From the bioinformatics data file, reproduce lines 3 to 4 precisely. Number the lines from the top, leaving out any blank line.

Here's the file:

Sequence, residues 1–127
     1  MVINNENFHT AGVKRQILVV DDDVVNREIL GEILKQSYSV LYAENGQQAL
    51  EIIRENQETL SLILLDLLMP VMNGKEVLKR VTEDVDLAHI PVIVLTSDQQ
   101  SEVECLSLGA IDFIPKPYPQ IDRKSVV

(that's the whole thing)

    51  EIIRENQETL SLILLDLLMP VMNGKEVLKR VTEDVDLAHI PVIVLTSDQQ
   101  SEVECLSLGA IDFIPKPYPQ IDRKSVV